Twitter is the social media of choice for many academics. At least one in forty academics in an institution is on twitter, contributing to the 4.2 million tweets about education every day. If you are involved in education in any way it is probably a good idea to get on there and see what is happening.
In today’s world of academia where it is essential to show evidence of impact Twitter can be invaluable in helping academics establish their larger digital identities, share their research and publications and mine for data that can assist with their research projects.
Key arguments for academics to tweet
- Develop and nurture networks
- Establish and maintain profiles
- Access scholars they otherwise couldn’t
- Share work / self promote / increase impact
- Public engagement
- Reimagining of ‘what counts’ as impact, quality, etc
- Push from institutions
Using Twitter to develop and nurture networks
Twitter is a fantastic way to connect to like-minded people and develop an online network. Online professional networks allow educators to connect and communicate with others regardless of location and time zone. Hashtags such as #acwriting #phdchat allow for connection with people going through similar experiences.
We [the authors] first connected on Twitter, then met face-to-face at the Australian Association for Research in Education conference in 2015. This connection has led to friendship and organising a symposium (about Twitter!) together.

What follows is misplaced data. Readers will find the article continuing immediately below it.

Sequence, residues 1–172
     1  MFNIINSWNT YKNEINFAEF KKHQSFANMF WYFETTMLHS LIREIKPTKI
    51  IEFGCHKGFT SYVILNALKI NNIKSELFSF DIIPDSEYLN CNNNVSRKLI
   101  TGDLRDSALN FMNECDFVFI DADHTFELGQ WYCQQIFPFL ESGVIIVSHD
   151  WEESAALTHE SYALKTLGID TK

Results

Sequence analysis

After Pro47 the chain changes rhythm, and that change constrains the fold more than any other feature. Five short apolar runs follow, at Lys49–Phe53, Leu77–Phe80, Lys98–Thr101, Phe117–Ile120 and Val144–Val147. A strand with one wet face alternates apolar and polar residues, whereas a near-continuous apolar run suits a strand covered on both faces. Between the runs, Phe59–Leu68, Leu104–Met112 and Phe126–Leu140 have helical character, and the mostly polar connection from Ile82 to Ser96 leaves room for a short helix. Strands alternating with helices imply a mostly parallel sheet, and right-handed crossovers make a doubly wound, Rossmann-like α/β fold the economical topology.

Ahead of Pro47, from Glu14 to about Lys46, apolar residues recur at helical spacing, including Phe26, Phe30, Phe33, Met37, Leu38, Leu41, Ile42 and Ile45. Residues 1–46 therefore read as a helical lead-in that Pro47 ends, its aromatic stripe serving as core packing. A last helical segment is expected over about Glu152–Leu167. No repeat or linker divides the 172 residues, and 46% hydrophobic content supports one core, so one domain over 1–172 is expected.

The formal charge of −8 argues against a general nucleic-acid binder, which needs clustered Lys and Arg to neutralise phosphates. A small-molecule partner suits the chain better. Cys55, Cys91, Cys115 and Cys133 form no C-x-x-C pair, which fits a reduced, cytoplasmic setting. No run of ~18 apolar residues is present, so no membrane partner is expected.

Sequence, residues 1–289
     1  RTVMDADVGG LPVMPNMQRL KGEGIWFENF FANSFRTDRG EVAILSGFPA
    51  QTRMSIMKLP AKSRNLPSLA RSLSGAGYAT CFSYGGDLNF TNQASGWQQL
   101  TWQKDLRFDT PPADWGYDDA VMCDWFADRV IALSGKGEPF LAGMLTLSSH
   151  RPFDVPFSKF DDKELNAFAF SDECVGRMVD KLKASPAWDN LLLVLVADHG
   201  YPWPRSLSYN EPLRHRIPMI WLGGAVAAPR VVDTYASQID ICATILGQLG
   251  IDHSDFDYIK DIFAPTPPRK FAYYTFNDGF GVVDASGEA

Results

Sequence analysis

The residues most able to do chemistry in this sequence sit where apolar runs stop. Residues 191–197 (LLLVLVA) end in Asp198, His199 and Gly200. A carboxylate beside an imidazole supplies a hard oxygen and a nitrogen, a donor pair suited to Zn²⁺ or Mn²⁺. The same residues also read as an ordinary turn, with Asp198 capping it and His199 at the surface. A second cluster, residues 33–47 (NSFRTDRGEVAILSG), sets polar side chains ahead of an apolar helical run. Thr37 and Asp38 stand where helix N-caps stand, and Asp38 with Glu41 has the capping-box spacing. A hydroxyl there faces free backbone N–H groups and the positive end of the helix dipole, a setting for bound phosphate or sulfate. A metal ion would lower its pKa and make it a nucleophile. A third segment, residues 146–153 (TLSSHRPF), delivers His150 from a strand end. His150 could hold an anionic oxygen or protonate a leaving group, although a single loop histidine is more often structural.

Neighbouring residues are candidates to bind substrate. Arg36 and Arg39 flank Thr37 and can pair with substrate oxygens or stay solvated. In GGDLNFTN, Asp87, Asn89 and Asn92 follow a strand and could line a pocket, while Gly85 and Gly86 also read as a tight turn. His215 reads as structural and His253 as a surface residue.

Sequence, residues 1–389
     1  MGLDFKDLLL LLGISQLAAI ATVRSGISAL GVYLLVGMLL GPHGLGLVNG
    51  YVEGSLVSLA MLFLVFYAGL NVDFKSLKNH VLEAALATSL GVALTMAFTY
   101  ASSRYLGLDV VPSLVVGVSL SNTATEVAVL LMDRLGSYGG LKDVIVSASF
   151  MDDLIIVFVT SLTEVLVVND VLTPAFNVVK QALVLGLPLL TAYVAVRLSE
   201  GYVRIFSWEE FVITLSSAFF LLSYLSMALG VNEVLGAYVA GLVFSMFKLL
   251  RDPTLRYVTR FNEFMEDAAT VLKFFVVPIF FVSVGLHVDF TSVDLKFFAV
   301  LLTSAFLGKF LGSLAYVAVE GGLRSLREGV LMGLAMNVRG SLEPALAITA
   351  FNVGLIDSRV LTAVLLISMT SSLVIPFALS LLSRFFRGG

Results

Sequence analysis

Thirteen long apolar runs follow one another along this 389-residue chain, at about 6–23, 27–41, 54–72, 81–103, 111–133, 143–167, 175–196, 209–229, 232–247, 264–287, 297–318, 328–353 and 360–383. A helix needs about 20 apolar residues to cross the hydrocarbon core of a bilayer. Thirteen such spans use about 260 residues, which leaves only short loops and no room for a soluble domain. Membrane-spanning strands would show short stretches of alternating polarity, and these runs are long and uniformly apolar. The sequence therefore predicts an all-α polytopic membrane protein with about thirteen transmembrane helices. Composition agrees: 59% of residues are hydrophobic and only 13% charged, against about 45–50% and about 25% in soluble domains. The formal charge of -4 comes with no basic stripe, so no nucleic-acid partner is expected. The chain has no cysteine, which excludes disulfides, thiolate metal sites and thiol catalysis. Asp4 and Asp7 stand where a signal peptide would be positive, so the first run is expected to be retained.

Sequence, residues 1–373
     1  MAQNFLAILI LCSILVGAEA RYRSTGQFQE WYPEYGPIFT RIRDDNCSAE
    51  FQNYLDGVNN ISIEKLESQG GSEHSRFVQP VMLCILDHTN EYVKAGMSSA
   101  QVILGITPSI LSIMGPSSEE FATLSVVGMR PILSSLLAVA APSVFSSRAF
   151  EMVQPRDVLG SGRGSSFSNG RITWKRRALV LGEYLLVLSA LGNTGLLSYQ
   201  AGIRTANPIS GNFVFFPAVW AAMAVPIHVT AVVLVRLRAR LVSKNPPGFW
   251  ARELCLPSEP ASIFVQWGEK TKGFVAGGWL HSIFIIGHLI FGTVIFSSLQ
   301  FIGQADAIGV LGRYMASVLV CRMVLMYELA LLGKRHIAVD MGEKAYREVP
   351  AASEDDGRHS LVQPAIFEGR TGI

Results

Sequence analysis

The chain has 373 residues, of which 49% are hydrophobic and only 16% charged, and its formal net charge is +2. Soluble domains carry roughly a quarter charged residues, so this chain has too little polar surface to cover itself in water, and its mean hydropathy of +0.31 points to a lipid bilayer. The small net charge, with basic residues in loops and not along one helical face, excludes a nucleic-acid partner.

Establish and maintain profiles
Twitter can function as a talking business card that complements the other aspects of your online profile, such as an institutional profile, a LinkedIn page, a ResearchGate and/or academia.edu presence, a google scholar page and or a professional website/blog. For the development of a strong academic digital presence, some (but not all) these elements are necessary. Twitter is useful because it allows for real time interactions and a dynamic online presence, whereas the other elements are more static.
Access scholars they otherwise couldn’t
Twitter allows access to and communication with researchers and academics from a variety of fields, in a way that the day-to-day business/busy-ness and physical layout of universities doesn’t readily facilitate. Many academics on Twitter are generous with their expertise and happy to answer questions tweeted at them which allows for an immediacy of access.